Helping Men in the Armed forces

FEATURES: Helping Men in the Armed forces

"In Talking with Seventh-day Adventist ministers I have frequently heard remarks about how "wicked" the armed forces are. I must agree."

Secretary, International Service Commission

In Talking with Seventh-day Adventist ministers I have frequently heard remarks about how "wicked" the armed forces are. I must agree. "The whole world lieth in wickedness." 1 John 5:19. To impress upon our youth that the Army is bad, full of immorality and other vices, even though said in caution and with the best of intentions, may not be wise. Although caution is good, yet why unduly disturb young men concerning the weary months before them? Why not endeavor to fortify our young men by encouraging more faithful Bible study and prayer? We should be apostles of courage rather than prophets of doom.

First let me say that it is far from my purpose to minimize the sin and corruption that exists in the armed camps. Conditions are very bad. But, dear brethren, it is my experience after being seven years in the United States Army that the armed forces of a country usually represent a cross section of life in that country, and that men are not intrinsically worse after they have donned the uniform than they were before. If more wickedness is found in the armed forces, it may be because men have more time on their hands and more opportunity to en gage in the sins they already practiced before entering. Changing clothes does not change one's heart. Let me illustrate:

I have before me a record of one hundred American soldiers who at the time were general prisoners serving from one to six months in an army stockade in Europe. These records were taken by me at random from the records of many hundreds of young men who entered those prison gates during the period I was chaplain of the stockade, a period covering more than a year. Of the hundred taken at random seventy-two testified that their drinking habits had increased since they had entered the service of their country, and especially after 1 being assigned overseas. Twenty per cent drank but moderately, and alcohol was not connected with their present crime. The remainder, only 8 per cent, were nondrinkers.

They had not learned to imbibe at home and were not drinking now. In many cases men who drank claimed no memory of the misdemeanor they had been charged with, because they were carrying more than they should at the time they committed the deed. Many admitted they were ruining their career by drink. A number were repeaters, who upon discharge fell again, and so were returned to the stockade. With but one or two exceptions, no one reported that he had begun drinking since coming into the Army. In practically every case I 'found the prisoner admitting that his bad habits had their beginning in the home or in civilian life before entering the Army.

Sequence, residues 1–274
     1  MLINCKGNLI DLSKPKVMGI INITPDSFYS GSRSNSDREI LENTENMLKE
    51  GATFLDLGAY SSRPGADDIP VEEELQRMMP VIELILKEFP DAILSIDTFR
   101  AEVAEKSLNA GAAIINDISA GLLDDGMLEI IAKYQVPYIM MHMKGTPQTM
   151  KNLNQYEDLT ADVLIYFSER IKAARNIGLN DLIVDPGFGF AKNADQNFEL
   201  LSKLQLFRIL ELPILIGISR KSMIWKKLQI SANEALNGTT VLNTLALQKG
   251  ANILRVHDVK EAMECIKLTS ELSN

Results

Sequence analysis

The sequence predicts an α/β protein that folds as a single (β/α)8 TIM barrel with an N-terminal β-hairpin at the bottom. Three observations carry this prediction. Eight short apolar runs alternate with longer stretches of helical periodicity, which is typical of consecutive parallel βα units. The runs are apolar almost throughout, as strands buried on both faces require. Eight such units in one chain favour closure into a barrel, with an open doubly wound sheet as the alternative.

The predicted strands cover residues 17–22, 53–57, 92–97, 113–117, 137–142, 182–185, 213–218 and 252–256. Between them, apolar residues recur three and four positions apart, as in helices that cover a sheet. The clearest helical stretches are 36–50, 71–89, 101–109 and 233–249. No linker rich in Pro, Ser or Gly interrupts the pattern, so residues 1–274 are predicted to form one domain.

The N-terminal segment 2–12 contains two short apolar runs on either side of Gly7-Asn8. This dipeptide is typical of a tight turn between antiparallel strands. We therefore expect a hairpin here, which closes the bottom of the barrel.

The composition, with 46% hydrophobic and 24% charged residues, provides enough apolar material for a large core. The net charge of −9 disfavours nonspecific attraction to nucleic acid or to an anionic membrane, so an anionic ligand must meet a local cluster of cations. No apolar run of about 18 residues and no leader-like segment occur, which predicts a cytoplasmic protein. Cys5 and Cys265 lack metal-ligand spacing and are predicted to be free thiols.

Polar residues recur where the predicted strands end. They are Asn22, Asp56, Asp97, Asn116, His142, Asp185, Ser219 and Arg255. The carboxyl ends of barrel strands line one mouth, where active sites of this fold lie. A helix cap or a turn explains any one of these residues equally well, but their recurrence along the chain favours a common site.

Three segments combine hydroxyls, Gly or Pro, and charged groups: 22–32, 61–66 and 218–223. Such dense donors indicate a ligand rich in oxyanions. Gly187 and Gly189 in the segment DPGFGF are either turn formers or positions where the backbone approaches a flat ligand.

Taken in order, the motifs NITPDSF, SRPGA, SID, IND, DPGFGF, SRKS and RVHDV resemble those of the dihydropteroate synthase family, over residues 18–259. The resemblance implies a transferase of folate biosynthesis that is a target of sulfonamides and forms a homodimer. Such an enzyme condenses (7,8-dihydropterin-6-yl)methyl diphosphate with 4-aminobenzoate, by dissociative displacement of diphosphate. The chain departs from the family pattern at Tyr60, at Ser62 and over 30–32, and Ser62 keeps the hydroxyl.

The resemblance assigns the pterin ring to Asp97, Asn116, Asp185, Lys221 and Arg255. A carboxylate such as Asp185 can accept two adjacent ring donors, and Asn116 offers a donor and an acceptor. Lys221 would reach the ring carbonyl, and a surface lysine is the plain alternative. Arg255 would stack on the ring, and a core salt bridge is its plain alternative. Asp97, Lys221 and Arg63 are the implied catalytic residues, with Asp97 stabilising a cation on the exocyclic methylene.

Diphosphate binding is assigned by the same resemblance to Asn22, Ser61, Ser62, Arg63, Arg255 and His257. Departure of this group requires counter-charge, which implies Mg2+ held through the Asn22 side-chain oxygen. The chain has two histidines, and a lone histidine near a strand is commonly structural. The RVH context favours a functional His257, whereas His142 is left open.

Here are a few sample interviews:

Prisoner No. I.

"What is the nature of your offense?"

Answer: "Breaking restriction."

"Is this your first court-martial?"

Answer: "No, the third."

"Are you a hard drinker?"

Answer: "Yes."

"Why do you not stop?"

Answer: "Seems that I cannot. Have tried several times. It is really ruining my career in the Army, and I know it."

Prisoner No. II.

"How many times have you been placed under arrest?"

Answer: "I have had four summary courts-martial."

"Do you realize such conduct means you will be dishonorably discharged as of no value to the service?"

Answer: "I am afraid that is true."

"Why do you persist in getting into trouble, soldier?"

Answer: "Drink is the cause of my trouble."

With but one or two exceptions, one fact stands out clearly in these records. Even though men were drinking more in the armed forces than in civilian life, and even though the amount of drink had been further increased overseas, yet the habit of drinking was acquired early in life, usually before leaving home. As young men at home they had not abstained. In the armed forces,

where temptations were greater, the habit increased. When they were once overseas, alcohol had still further tightened its grip upon them. Already weakened in the control of their appetites as youths, they had further lost that control as grown men, until now they had surrendered the mastery of themselves entirely. Alcohol had caused their downfall, but it was a habit not acquired in the armed forces.

While these conditions are bad, and while, if the tendency is to live on a low level of morality, there is every opportunity to do so, yet in contrast with this picture is the fact that many young men actually find God and accept salvation while in the armed forces.

The purpose of these statements is certainly not to defend an organization, but rather to emphasize an old truth the place of reform is in the home. It is in the home that men are made. It has been my observation that men coming from Christian homes seldom stray far from the bounds placed about them in their youth. The world itself is now a lazar house of sin. The human heart unregenerated is desperately wicked, anywhere, and under all conditions. In some circumstances sin may be more open and men more frank, but it is hardly wise to look upon one section of unregenerated men as being worse than other groups. Mankind today is sick, and all need a physician, but there is more hope for a sick man's cure when he knows he is sick, is free to acknowledge it, and wants help, than for the man who lacks that experience. As ministering brethren we may render the best help to youth by recognizing life's realities and the human tendency downward, but using well our opportunities to uplift by pointing men heavenward.




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Secretary, International Service Commission

May 1952

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